Sergeant York (1941)
Directed by Howard Hawks
Based on the personal diaries of Alvin C. York
Screenplay by Abem Finkel, Harry Chandlee, Howard Koch, John Huston, Sam Cowan
Starring: Gary Cooper, Walter Brennan, Joan Leslie, Ward Bond, Margaret Wycherly
The story of Alvin York’s (Cooper) journey from draftee and conscientious objector, to a celebrated World War I hero.
This Hollywood classic almost wasn’t made. Alvin York had already published an autobiography and had turned down multiple offers from Hollywood to tell his story. Eventually York saw the film as a way to secure funding for a religious school he hoped to build and he personally negotiated a contract with Warner Bros. Studio. Howard Hawks (Red River) was signed on to direct the film. The script was partially taken from York’s own diaries with other moments being fictionalized. The writing was done by Abem Finkel (Jezebel), Harry Chandlee (The Jolson Story), Howard Koch (Casablanca), John Huston (The Asphalt Jungle), and Sam Cowan. Gary Cooper (High Noon) stars in the title role of this one. The other stars include Walter Brennan (The Far Country), Joan Leslie (Yankee Doodle Dandy), and Ward Bond (The Maltese Falcon). This film was a financial and critical success, earning eleven Academy Award nominations, including Best Picture and Best Director. Some of the success can be attributed to the attack on Pearl Harbor, which occurred while the film was in theaters. Sergeant York also became a major recruiting tool for the United States military during World War II.
This is an interesting biopic, written about a reluctant hero. The story is a mix of fiction and fact. The facts come from the diaries, official war records, and interviews with York. The fiction comes from the work of the five screenwriters. The mix creates a movie that works most of the time. The first half of this film focuses on the troubled early life of Alvin York. The script makes sure to double down on this aspect, creating a character that is almost entirely unlikable. These early scenes are impactful, but they also keep the pace of the story moving very slowly. Moving past that, the story begins to get momentum. The writing begins to redeem York and build unique relationships between him and the ever-expanding world he lives in. There are some great moments built around the relationships that pay off throughout the rest of the film. The action in the film is limited but strong, and the payoffs on the twists and turns of the story work nicely. The dialogue in this one is one aspect of the movie that has not aged well. The writers attempted to create a style of speech that would fit into the backwoods version of the world they created. While it’s not a major problem, there are some moments that feel really campy. Overall, this is a very nicely written film. While it’s a war movie, this one spends little time on the battlefield. Instead, this one focuses on the motivations of one man. The writers shared a nomination for Best Original Screenplay.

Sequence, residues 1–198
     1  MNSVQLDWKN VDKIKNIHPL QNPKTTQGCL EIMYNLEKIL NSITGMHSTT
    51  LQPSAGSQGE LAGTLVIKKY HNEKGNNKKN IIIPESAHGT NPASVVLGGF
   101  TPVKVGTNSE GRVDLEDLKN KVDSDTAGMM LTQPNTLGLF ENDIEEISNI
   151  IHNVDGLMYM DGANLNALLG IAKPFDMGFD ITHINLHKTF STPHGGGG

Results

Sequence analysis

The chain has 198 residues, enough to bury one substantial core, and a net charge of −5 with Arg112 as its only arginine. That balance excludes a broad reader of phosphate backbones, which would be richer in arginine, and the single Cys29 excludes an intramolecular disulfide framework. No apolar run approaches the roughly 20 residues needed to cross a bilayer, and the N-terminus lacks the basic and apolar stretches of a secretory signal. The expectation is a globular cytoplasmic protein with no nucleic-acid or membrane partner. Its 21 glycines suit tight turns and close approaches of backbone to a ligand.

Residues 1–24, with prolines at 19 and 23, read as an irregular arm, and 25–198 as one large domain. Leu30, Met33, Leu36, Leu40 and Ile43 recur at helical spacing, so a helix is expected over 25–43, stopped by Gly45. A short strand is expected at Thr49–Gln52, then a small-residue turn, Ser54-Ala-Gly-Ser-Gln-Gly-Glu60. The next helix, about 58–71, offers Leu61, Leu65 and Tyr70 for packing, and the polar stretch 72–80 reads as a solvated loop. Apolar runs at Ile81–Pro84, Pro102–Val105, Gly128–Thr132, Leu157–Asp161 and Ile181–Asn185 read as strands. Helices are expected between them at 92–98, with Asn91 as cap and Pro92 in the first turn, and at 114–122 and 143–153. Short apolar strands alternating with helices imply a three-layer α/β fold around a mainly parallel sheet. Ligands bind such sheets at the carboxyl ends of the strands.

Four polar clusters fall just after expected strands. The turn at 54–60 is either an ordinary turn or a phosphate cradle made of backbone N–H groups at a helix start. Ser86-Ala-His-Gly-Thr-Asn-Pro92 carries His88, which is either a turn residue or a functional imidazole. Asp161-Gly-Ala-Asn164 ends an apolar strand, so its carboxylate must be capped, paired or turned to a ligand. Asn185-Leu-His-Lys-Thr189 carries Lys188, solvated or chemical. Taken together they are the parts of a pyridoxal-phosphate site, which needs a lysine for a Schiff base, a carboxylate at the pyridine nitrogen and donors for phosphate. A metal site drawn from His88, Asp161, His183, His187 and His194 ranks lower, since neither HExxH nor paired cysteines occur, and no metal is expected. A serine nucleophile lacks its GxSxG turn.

This one features a very talented cast that does good work with the material. Gary Cooper does an excellent job throughout this one. His best moments come early in the film as his performance crafts a troubled and unsettled character who is at his limit. There are some spiritual moments in this one that might have felt melodramatic were it not for his ability to understand the importance of subtlety. Throughout the movie he makes the most of the unique dialogue written for his role. His chemistry with the cast is evident throughout this one.
Walter Brennan also delivers a great performance in this one. His role works as a catalyst for a number of important events in the movie, and he delivers every time. He also connects wonderfully with Cooper. Their moments together on screen make for some of the best scenes in the entire film. Joan Leslie does a good job with her role as well. Like Brennan, she connects with Cooper and makes their scenes work nicely. Playing the faithful mother of the title character, Margaret Wycherly also brings something good to the film.
In addition to good chemistry with Cooper, she seemed to understand the religious motivations of her character perfectly. Prolific actor Ward Bond also gives a good performance. The cast generally does good work in this one. Some of the smaller roles do feel a little campy, mainly due to the attempts at overselling the folksy dialogue. Thankfully, there is a lot more to like in this one. Gary Cooper would earn his first Oscar for Best Actor, and Walter Brennan would be nominated for Best Supporting Actor. Margaret Wycherly was also honored with an Oscar nomination for Best Supporting Actress.
The production work on this film is excellent. The film is beautifully shot, taking advantage of the sets and locations. Despite some slower moments in the early parts of the movie, this is also nicely edited. There isn’t anything in the film that feels unnecessary, and the action moves at a nice pace during the war scenes. Among the Oscar recognition, this one would be nominated for Best Cinematography (B&W) and Best Art Direction (B&W). Sergeant York would also win the Oscar for Best Film Editing. The film also has good sound work and a solid score. The work earned additional nominations for Best Sound and Best Original Score.
This is an interesting movie that was made in a very unique period of American history. A simple biopic became a major recruiting tool for the U.S. military at the start of World War II. This isn’t a perfect movie, but the performances are worth checking it out. Fans of Cooper and Brennan will definitely appreciate what this one has to offer. I would also suggest this to fans of classic war films and biopics. I give this one 3.8 out of 5 stars.